Intel packs more punch into cell phones

Intel Corp. announced last month a second generation of Flash memory that could double the present memory capacity while more than halving the amount of energy consumed in cell phones.

The StrataFlash Wireless Memory architecture achieves a number of milestones. By putting twice the data in the same space on the silicon, Intel is able to get two bits in the physical space that it used to take for one.

By reducing the voltage to 1.8 volts, the chip giant was able to meet handset industry component standards with its StrataFlash Wireless Memory architecture, found up until now only in larger handheld devices. Idle power consumption was reduced by 65 per cent and the run current by 35 per cent over previous Intel flash designs.

In addition, the StrataFlash has a burst performance rate of 85 nanoseconds and subsequent access speed of 14 nanoseconds, according to Steve Cunial, the product marketing manager at Intel in Santa Clara, Calif.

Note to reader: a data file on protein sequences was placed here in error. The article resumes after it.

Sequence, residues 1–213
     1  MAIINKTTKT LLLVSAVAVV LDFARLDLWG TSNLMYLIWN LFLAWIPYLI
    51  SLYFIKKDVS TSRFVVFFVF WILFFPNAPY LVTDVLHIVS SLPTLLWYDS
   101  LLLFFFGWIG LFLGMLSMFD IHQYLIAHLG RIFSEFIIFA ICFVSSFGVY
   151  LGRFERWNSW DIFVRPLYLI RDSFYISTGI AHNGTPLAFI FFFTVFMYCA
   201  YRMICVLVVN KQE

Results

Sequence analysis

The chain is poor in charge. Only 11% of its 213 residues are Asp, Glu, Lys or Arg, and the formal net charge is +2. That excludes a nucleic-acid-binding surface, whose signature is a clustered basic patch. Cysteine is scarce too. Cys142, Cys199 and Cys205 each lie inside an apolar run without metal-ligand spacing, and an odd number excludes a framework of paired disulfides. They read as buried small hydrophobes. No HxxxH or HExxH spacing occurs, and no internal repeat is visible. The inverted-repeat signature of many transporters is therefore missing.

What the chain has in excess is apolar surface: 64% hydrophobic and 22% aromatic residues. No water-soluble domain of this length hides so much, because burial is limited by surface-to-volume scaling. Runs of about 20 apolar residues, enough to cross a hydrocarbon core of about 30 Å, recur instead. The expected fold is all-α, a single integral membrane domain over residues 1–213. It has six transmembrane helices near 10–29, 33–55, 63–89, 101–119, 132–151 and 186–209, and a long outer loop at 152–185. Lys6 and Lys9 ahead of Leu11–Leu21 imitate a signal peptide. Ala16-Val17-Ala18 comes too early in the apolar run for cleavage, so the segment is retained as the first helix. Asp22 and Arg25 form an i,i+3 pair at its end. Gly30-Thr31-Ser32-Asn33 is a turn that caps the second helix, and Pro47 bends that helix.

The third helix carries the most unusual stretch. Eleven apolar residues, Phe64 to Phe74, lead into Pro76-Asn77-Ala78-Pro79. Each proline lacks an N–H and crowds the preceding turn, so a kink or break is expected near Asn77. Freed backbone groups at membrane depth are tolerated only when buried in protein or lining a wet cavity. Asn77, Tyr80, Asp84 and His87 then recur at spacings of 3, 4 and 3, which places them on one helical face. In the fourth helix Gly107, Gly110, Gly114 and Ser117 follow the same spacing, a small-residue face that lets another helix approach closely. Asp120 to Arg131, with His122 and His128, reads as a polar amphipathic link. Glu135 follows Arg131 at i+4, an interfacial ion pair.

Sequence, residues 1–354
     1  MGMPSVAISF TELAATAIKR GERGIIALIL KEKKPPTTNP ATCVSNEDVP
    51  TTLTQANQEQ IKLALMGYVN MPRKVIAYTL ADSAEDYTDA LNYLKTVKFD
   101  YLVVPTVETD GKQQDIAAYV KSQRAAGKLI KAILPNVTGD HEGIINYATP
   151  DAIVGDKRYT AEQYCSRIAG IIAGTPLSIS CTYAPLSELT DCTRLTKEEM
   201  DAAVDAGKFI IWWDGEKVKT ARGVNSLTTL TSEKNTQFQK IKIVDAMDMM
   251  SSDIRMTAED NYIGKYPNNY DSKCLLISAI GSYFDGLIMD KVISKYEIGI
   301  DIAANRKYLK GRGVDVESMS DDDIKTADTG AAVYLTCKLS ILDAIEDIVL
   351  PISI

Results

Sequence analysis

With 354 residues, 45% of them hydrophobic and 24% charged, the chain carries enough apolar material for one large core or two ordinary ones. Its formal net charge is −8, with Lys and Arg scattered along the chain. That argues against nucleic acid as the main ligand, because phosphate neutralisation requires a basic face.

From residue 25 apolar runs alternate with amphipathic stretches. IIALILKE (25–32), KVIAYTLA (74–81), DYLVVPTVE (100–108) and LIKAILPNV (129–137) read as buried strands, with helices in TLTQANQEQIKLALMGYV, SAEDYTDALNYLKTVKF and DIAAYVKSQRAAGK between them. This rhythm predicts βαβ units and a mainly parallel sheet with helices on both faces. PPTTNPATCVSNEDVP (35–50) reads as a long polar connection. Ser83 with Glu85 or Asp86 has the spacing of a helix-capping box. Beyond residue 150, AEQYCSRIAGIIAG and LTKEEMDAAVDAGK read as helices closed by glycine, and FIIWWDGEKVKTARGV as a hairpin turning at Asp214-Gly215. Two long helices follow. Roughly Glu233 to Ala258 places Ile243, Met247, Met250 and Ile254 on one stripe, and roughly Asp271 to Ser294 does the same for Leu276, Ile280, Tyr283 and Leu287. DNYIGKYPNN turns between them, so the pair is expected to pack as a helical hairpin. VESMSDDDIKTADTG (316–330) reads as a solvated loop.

The older generation of Flash for cell phones from Intel had a performance rating of 110 nanoseconds.

In addition to the higher performance at the standard energy output, Intel is using a stacking technology that allows them to offer more memory in less space, ideal for smaller handsets with limited room for expansion, said Cunial.

The memory chips also have a flexible partition which will allow handset manufacturers the ability to design a cell phone that can read a memory partition while writing to another partition at the same time. This flexibility will result in giving a user the ability to download, read and send e-mail on a handset while simultaneously talking on the phone, provided the user has a headset.

The stacked memory architecture will up the memory capacity of cell phones to 125MB. However, it will require some redesign on the part of manufacturers to incorporate.

“It’s not a big deal to change the circuit board for this. Mostly a matter of changing the pin outs,” said Tom Starnes, Gartner Inc. analyst for embedded microprocessors in Austin, Tex.

Intel is also working on its next generation X-Scale processor, Manitoba, now shipping in samples, that combines stacked memory along with the microprocessor.

“Adding the logic of a microprocessor and stacking flash on top is a big plus,” said Starnes.